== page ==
Monday, April 02, 2007
A friend of mine announced a few days ago that she intends to spend April writing instead of web surfing and playing games. I'm all in favor of this; she's on the second draft of her novel, and seems to have some momentum now for the major changes she wants to make in the story.
My function in her effort, aside from a rather ineffectual one as a beta reader, is mostly to nag her to keep at it. As I do this, though, I feel like a bit of a hypocrite. Notwithstanding the hundreds of words (frequently a thousand or more) that I write each night for this blog, the 18-page handwritten fragment of the Jor and Fayubi scene in my leather notebook, and my recent fussing about the Keni "prologue" scene, I haven't made a sustained, disciplined effort in my fiction writing since I went back to school in the fall of 2002.
Before that, I was working on Mages every single night. In three years or so I only missed two nights in my writing schedule: once because I'd had my gall bladder out that day, once because I was up all night on suicide watch with a friend whose soon-to-be-ex-husband had just kicked her out of the house. But going back to school meant that I was writing a lot of papers and filling out a lot of spreadsheets, along with the other kind of journal entries, the ones that are all about debits and credits. I had to accept that I couldn't work full time, keep up with my coursework, take care of my rapidly-failing mother (and the funeral, and her effects), and revise Mages all in the same 24-hour days. So the fiction went on hold until I graduated in March 2005. By then I was blogging, and that took me away from the fiction, too. Yes, I've written a lot of short pieces about Mâvarin in the past several years, followed by several serials on my fiction blog. But that stuff has been intermittent, for the most part, usually written "cold" on a Saturday night, with lots of Saturday nights skipped over along the way.
As with most of the failures in my life, it comes down to a lack of discipline on my part. I'm thinking about this particular failure at the moment for several reasons. One, my friend, who has a similar problem with distractions and discipline, is nevertheless getting some good writing and revising done right now. Two, I've been reading John Scalzi's book, You're Not Fooling Anyone When You Take Your Laptop to the Coffee Shop: Scalzi on Writing. This writing-centric compilation of entries from his non-AOL blog (the) Whatever isn't actually teaching me much of anything, but it's entertaining. It also gets me thinking about all those writing-related issues, such as the fact that Scalzi makes a living as a full-time writer, whereas I probably never will. Scalzi manages this largely because he does a heck of a lot of writing, both fiction and non-fiction, covering a variety of subjects, styles and markets. I doubt I could quite manage to do what he does, and I'm not sure I'd even want to. But somewhere between the indefatigable wordsmith-for-hire (which he is) and the dilettante wannabe (which I sometimes feel that I am), there's a level of dedication and productivity that I've achieved before, and can achieve again.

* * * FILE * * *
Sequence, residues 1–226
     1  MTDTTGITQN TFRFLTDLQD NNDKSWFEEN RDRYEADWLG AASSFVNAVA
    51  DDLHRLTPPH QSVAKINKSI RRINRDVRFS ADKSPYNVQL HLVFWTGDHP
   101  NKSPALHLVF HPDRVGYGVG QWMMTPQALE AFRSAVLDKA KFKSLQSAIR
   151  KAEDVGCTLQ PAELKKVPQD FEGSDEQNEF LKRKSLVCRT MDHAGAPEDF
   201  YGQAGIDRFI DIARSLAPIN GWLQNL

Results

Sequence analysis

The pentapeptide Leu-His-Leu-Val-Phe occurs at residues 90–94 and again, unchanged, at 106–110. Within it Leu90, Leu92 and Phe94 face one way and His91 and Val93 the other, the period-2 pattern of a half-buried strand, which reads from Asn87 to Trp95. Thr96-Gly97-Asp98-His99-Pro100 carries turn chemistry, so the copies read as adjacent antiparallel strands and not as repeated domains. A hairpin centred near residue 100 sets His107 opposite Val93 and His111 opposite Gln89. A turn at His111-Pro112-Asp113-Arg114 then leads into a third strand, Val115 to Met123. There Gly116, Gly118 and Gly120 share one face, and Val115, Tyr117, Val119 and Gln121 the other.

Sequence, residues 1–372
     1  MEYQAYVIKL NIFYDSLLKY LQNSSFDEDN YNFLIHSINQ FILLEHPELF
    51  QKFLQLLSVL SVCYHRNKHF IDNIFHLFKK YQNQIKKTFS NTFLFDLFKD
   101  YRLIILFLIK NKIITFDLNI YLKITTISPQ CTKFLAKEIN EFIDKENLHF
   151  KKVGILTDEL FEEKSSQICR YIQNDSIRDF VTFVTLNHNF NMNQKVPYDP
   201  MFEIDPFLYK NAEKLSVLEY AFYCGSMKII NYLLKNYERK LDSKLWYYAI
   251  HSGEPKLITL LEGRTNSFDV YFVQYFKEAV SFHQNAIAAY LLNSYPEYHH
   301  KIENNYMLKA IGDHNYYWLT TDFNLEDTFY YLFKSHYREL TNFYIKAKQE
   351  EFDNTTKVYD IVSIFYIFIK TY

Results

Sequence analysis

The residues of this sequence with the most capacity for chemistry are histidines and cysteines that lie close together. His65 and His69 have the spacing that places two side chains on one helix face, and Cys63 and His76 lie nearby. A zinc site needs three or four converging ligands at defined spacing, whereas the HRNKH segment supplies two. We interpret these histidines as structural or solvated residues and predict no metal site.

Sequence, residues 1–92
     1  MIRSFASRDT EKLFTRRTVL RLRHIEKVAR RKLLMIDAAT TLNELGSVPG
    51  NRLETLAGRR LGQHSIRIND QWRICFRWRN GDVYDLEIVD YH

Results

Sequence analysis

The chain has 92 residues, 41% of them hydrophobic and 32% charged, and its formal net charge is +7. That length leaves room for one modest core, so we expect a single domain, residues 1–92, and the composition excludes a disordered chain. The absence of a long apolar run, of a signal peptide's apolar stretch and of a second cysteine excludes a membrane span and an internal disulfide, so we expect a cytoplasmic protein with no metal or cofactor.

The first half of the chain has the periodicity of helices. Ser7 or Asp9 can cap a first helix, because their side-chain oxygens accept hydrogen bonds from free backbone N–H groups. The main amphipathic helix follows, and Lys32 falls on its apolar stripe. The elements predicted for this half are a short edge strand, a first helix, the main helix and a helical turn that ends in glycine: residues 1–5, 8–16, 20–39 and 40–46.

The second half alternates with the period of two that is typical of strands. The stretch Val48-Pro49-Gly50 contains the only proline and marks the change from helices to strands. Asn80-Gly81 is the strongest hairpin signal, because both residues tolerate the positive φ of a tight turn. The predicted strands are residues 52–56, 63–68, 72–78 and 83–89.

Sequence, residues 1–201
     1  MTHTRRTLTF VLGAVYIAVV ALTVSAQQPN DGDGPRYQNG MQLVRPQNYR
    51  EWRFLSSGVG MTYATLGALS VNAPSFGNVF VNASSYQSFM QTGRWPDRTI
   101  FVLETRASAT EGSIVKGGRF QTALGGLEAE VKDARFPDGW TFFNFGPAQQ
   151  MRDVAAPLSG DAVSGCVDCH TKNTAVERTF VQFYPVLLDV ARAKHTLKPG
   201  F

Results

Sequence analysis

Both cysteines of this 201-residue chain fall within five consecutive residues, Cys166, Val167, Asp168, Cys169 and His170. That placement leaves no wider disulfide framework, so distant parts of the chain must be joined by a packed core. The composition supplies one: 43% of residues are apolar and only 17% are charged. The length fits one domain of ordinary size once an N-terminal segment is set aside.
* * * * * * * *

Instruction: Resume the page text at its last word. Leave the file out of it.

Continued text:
And I need to do it. Once I make myself send out more agent queries, once I hear a yea or nay from Tor, once the entire manuscript of Heirs of Mâvarin (as opposed to a query or a three-chapters-plus-outline sample) is out there in the world, I'm going to need to demonstrate that I have more than that one 30-year production of a book in me. I've got to get Mages into shape, and put a major dent in the further sequel, and finish The Lives and Times of Joshua Wander, and basically get some more manuscripts finished and sent out.
So. Like Sara, I intend to spend April getting serious about the fiction writing again. My computer is set up on my new desk in the half-finished revamping of my office, and although we still need to deal with molding and shelving, that's not an issue when it comes to getting the writing done. I've spent a ridiculous amount of time watching and rewatching Doctor Who episodes lately (nearly all of them from 2005 through 2007), but that should subside a bit now. I'm busy at work, always, but I'm not in 60-hour-a-week mode any more. In theory, this is a good time to dedicate myself to reviving my nightly fiction-writing habit.
It is Holy Week, though, so this particular week won't be as productive as the later weeks, because I'll be spending much of Thursday through Sunday in church. Still, Lent is a good time for special devotion and self-denial. Much as I want to work on these novels, it's much easier to take the more self-indulgent path of watching video and blogging and messing around on Wikipedia. I need to deny myself the easy path, and devote myself to the stuff that matters, things only I can accomplish. My proper function in the world, the purpose for which I am best suited, is the synthesis and dispensing of information. And the most important information I can dispense, because it is uniquely mine, is the stories of these fictional characters.
Hang on, Rani and Fayubi, Cathma and Carli (and Cathla and Carmi). I'll be there shortly.